My Life in 315 Words

By Joe Vining

I was born in 1938 in Fulton, Missouri. My schooling began early at the University of Arkansas Laboratory School. I was 7 when I left Arkansas and Missouri, and any extended family, to become a Virginian as I grew up in Charlottesville around The University.

Public education was not favored by Virginia’s Byrd Machine in the 40s and 50s even for Whites. At age 12 I was sent to Woodberry Forest, a Virginia boarding school for boys drawing from across the South, to which I owe everything that has brought me to Kendal. At Yale I worked almost entirely in science, principally zoology. A rare chance to rewind took me to Clare College Cambridge to work on a second B.A. and M.A., in History. Cambridge introduced me to the ideal form of a university and to a threadbare postwar England that was my first glimpse of a humane society.

After Harvard Law School I joined the Justice Department in 1964, to work on setting up Lyndon Johnson’s National Crime Commission, before going into practice with the large Washington firm Covington & Burling. The most important thing to happen to me in those Washington years was Alice. Eventually the faculty of Michigan Law School and its extraordinary University drew us to Ann Arbor.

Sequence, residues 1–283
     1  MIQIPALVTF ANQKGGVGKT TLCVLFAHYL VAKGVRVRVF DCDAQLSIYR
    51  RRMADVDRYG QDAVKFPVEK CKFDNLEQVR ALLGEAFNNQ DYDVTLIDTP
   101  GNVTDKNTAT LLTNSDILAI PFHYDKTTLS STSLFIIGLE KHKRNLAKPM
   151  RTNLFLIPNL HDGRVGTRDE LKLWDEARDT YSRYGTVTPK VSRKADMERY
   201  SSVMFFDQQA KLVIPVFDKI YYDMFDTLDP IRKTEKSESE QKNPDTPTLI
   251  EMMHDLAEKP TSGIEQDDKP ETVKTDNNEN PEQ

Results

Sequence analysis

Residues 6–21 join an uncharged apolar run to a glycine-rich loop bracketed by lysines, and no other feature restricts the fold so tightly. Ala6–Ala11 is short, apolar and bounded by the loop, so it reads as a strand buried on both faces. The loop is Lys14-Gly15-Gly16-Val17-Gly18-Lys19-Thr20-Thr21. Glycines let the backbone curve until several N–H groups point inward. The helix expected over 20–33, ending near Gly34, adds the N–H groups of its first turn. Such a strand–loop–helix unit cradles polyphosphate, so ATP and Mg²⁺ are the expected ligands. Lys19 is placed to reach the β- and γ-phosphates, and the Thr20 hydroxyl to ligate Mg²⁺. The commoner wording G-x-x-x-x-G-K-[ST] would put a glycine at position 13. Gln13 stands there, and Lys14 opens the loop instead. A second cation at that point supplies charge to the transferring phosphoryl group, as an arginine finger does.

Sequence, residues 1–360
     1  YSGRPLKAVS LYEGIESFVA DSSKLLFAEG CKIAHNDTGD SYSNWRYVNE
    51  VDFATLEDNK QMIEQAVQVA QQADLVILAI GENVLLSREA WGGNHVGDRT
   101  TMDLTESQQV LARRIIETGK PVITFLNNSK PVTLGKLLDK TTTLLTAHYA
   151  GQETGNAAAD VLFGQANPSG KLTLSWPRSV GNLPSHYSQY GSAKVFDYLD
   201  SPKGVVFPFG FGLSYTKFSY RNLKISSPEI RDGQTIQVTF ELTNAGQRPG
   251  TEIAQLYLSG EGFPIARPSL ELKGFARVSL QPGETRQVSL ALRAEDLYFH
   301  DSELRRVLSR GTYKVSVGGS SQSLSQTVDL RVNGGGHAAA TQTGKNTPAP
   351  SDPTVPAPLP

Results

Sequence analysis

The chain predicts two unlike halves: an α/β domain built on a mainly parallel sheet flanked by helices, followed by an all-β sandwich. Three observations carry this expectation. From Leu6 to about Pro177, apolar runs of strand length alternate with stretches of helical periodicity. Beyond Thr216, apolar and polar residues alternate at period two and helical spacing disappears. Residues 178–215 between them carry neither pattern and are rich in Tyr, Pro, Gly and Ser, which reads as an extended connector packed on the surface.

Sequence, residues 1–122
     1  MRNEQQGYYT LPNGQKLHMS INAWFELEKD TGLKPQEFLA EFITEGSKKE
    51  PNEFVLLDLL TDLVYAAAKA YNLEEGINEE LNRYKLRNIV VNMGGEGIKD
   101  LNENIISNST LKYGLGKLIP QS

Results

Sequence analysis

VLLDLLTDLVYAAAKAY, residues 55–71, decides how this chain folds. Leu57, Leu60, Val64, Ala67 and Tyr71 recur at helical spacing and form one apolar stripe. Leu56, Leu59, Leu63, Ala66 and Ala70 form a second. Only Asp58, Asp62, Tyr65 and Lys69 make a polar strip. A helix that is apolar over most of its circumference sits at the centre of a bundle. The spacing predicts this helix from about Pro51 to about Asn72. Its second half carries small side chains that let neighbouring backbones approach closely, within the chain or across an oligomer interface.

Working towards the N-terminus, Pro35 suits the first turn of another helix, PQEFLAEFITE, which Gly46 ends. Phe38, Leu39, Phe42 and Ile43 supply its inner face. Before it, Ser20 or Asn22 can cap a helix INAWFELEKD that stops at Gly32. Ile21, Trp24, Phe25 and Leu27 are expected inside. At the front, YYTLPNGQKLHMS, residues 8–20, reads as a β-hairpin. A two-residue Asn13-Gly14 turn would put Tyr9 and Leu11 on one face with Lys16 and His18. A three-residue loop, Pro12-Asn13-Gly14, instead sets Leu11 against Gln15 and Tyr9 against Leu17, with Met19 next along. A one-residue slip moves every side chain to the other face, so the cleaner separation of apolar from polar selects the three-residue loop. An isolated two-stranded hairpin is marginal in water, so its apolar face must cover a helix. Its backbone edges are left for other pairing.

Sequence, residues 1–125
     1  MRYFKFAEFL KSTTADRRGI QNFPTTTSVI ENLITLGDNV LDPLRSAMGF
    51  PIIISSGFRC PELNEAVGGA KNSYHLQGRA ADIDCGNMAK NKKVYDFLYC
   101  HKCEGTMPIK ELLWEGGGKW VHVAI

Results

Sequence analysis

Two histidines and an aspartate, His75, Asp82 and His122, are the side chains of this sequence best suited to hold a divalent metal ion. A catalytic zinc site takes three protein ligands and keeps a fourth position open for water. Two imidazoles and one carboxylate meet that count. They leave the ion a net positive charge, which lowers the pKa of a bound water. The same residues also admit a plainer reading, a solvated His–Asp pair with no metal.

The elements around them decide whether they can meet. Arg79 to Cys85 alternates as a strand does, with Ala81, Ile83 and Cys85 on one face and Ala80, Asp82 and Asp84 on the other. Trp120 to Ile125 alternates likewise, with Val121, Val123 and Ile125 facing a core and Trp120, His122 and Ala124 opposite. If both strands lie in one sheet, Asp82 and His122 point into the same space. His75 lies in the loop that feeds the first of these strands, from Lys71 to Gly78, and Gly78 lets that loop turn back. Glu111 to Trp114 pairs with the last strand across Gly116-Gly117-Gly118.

But we were smitten too with Vermont and New Hampshire. One day in 1972 the shards of a set of University of Michigan Wedgewood plates winked at us from a cellarhole beside the AT toward Hanover. So we built a house nearby, looking toward the Delectable Mountains, and came East for our summers and Christmases.

Our passions have included our children and their families, cycle touring, walking the long- distance paths in England, coming to terms with our childhood in the Jim Crow South, and, mine in particular, trying to understand what this sea of law we live in actually is.

3 comments on My Life in 315 Words

  • Don Watson

    Intuitions, incidents and accidents, phrases and words all so masterfully assembled makes a rather complete portrait of a life well lived,and continuing with a concluding active verb.

  • mark blackburn

    admirable and enviable lives

  • Alan A

    This is a great person and recently (1969) a wonderful professor for me.

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